Networked news describes a structure for consuming information. It means pulling in your news from a network of publishers—bloggers and traditional news outlets. It means pulling in your news from a network of readers—friends and experts and so on. And, crucially, networked news means breaking down the bits of content into their relevant constitutive pieces and reforming those pieces back into their own network. It means pulling in your news from a data-driven network of the people and the issues in the news—people like George W. Bush and Steve Jobs and Oprah and issues and memes from “republican” and “iraq war” and “campaign 2008” to “iPhone” to “power of forgiveness.”
The concept of networked news grows out of the realization that the stories we care about exist between one author and another, between articles and blog posts, between newspapers and blogs. The story is a kind of thread that runs through time and in and out of the person-subjects and issue-topics of the news.
Networked news is not networked journalism, which is a structure for publishing information. See pressthink, buzzmachine, and newassignment.net for that parallel “genius” project to grow and diversify the number of sources from which we pull our news.
The first and second components of networked news are new but not unprecedented. Pulling in your news from a network of publishers is what we do when we subscribe to RSS feeds and read them in one place. It’s the river of news I read when I fire up Google Reader, which gives me news about the tech industry, about finance, and about politics. Techmeme, Memeorandum, Google News, and other memetrackers are other great examples of networking news from publishers. Newsmap, based on Google News, is the picture of this first component. Thoof and other news-focused web apps with similar recommendation engines also represent this publisher-based side of networked news.
Pulling in your news from a network of other readers is what Mario Romero is working on with his Google Reader Shared Items application for facebook. It’s also what Digg and others represent.
There are sites that represent both the first and second components of networked news. It’s what Newsvine, Topix, Daylife, and others represent. It’s what Pageflakes, Netvibes, iGoogle and others represent. Though I haven’t actually toyed with the site yet (I’m still waiting on that invite, guys) it looks like Streamy sits at the current bleeding edge of the reader-based front of networked news.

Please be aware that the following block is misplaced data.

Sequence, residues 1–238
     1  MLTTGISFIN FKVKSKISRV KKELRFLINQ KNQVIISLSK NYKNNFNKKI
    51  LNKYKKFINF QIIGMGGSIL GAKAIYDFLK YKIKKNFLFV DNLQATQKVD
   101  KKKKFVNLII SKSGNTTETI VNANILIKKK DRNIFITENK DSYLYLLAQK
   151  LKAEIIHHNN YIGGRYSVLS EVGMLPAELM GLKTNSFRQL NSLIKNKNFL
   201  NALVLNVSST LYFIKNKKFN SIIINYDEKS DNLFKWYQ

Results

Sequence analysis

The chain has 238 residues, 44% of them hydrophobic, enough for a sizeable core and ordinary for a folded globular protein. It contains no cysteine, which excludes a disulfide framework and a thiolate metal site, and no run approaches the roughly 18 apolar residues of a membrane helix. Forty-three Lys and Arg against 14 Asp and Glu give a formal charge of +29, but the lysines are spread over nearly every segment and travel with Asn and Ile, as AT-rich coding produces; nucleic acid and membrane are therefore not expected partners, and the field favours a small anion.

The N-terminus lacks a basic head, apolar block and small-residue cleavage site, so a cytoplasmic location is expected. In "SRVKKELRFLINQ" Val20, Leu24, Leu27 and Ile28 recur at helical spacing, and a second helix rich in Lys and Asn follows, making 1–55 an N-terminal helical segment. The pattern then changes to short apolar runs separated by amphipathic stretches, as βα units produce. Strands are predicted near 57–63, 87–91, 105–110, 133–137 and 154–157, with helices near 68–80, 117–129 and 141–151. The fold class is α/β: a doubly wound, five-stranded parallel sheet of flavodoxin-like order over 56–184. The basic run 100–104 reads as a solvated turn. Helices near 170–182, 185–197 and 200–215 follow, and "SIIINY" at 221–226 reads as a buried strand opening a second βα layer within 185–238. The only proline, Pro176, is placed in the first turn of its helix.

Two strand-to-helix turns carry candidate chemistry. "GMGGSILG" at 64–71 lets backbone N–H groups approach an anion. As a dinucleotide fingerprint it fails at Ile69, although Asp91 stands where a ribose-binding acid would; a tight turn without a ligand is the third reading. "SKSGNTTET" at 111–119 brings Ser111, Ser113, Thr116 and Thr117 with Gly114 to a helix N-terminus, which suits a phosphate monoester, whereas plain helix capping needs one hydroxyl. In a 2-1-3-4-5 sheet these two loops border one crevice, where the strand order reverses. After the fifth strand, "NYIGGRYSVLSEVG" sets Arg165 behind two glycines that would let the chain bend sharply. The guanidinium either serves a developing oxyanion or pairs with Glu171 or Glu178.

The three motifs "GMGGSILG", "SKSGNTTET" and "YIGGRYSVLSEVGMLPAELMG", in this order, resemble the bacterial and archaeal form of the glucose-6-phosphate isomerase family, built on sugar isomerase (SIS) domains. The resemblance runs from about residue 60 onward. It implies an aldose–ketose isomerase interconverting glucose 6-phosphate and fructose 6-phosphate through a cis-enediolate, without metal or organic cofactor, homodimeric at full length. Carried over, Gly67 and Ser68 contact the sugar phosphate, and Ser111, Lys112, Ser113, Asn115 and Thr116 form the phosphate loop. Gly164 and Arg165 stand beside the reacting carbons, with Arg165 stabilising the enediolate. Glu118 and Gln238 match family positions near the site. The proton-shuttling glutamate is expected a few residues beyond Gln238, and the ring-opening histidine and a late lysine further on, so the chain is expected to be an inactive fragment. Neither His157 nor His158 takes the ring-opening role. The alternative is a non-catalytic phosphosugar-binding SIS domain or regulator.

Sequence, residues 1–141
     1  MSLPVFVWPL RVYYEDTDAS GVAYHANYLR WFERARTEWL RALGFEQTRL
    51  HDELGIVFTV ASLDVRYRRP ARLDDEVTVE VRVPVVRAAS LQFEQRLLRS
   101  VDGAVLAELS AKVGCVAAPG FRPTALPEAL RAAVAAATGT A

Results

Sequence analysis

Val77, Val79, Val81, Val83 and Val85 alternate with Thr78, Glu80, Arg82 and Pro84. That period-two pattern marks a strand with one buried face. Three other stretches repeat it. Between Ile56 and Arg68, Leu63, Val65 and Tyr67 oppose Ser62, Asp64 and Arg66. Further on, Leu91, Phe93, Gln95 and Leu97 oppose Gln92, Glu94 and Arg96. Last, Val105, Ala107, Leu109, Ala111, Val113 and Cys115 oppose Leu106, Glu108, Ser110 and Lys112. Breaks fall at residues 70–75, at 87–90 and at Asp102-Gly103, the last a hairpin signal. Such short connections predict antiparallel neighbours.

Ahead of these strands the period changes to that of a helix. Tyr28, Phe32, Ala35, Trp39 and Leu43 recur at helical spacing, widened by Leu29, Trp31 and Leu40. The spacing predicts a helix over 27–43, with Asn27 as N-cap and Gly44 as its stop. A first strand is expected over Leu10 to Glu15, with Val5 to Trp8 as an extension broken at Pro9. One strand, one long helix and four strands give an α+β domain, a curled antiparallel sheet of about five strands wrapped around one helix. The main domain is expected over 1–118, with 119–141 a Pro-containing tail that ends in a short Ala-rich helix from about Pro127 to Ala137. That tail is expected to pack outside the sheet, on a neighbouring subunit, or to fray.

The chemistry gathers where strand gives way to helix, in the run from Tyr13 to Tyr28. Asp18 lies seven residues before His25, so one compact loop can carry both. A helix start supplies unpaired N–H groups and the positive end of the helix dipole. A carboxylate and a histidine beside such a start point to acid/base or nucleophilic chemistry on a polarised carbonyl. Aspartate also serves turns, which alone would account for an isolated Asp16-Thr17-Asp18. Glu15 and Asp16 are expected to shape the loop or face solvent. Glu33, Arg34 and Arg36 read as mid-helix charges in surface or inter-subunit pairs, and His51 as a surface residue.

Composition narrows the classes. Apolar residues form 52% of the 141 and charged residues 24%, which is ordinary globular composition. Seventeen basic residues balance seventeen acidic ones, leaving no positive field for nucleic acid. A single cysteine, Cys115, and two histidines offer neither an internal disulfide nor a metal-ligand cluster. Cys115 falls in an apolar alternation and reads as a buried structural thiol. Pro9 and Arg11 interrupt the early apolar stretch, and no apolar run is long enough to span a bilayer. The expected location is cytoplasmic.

The third component of networked news is, in some ways, the oldest, represented by simple searches to Google News or Technorati tags. It’s also the most difficult component—technically, socially, you name it. When I encourage Mario to let users browse his Google Reader Shared Items by tag, I’m encouraging him to let us readers of news pull in bits of content by issue and meme. When Streamy claims to have “filters”—which I called “substance- and source-based ways browse, and subscribe to, kinds of content, by keyword and original author, respectively”—it’s claiming to have taken a few steps into the this elusive third component of networked news.
One kind representation of this third component, in the form of how Exxon putatively buys scientific research, is graphic. The “story” is the whole visual network, while the actors are broken down and interconnected within it. The bits of content, in this case, come in the form of profiles on each actor pictured. People and foundations are linked up by bridges connecting them. Those bridges, exxonsecrets says, represent the money that Exxon funnels through the foundations to pay the people to conduct and promote bogus climate research. Users can create, manipulate, and save their own graphical network maps for all to see.
A swirl of excited ideas in my head, it’s all rather tough to articulate. But I’ll get to it soon enough, bit by bit.